[P6555] Mobilizing the Memory of al-Andalus: Transnational Semiotic Landscapes in the Modern and Contemporary Arab World and the United States

Created by Peter Polak-Springer
Friday, 12/03/21 2:00 pm


This panel’s leading question is the following: how is the memory of al-Andalus (Islamic Iberia) transmitted and contested, in modern contexts ranging from the Arab world to the United States? A diverse array of scholars will respond to this question focusing on various geographical areas and using variegated approaches—including an analysis of everyday symbols and discourses, architecture, the press, and music—but with the ultimate goal of demonstrating how the memory of al-Andalus is fundamentally entwined with Arab (and extra-Arab) politics and identity concerns. The panel’s common aim is to demonstrate that as a prime specimen of Arab and Islamic history and heritage, al-Andalus remains part and parcel of everyday consciousness within and beyond the Arab and Islamic world. Its presence is omnipresent in the architecture, place names, political discourses, and music of the MENA region, forming a semiotic landscape, a prism for imagining politics, a basis for conceptualizing interaction, commonality, and difference between orient and occident, and also an imagined locus for laying claim to distant peoples and geographies. Moreover, al-Andalus also serves as the inspiration for imagined communities outside of the Arab and Islamic worlds, where questions of who is allowed to lay claim to its memory and the meanings of its symbols are subject to negotiation and contestation.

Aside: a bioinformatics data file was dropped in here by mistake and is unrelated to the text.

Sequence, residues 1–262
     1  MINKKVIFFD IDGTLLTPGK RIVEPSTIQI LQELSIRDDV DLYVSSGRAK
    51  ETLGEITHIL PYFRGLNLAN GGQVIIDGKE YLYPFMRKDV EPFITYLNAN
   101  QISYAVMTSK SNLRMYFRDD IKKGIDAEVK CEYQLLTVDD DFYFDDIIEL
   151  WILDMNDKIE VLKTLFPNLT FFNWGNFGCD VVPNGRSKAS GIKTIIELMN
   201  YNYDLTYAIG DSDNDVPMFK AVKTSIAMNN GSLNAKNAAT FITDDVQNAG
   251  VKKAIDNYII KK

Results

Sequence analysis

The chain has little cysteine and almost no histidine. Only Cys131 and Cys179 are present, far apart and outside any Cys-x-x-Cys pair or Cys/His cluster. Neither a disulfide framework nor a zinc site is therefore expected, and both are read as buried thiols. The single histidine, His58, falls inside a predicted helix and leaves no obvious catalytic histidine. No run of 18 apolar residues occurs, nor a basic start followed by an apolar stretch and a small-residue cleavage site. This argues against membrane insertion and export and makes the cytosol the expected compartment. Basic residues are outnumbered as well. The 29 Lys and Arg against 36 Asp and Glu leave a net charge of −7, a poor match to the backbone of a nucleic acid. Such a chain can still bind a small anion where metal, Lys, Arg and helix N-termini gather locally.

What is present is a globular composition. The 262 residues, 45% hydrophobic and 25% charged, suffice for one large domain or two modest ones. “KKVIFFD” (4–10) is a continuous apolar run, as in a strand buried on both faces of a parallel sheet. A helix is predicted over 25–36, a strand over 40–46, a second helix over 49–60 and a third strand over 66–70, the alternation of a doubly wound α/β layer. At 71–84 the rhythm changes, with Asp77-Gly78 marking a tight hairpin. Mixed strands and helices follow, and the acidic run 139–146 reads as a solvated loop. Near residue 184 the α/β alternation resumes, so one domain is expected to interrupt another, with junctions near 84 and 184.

Four papers will respond to the main question and highlight the above themes. Two papers examine semiotic landscapes of the loss of al-Andalus, with a focus on Arab music and Palestinian Arab political discourses, demonstrating their functionality in negotiating trauma and encouraging struggle and resistance in 20th-century Arab politics. Two additional papers will focus on the semiotic landscapes of Andalusī architecture and place names, demonstrating that these served as symbols of spatial and collective identity that were contested within an Arab country like Qatar and even among enthusiasts of Arab and Islamic culture in the United States. Together, the papers of this panel contribute to the study of al-Andalus as a global and transnational heritage icon.


Hist; Hist



Samuel England

(University of Wisconsin–Madison)
Panel Participating Role(s): Discussant;

Abigail Balbale

(New York University)
Panel Participating Role(s): Presenter;

Peter Polak-Springer

(Qatar University)
Panel Participating Role(s): Organizer; Presenter;

Irene Theodoropoulou

(Qatar University)
Panel Participating Role(s): Presenter; Panel Participating Role(s): Chair;

Alaa Laabar

(Qatar University)
Panel Participating Role(s): Presenter;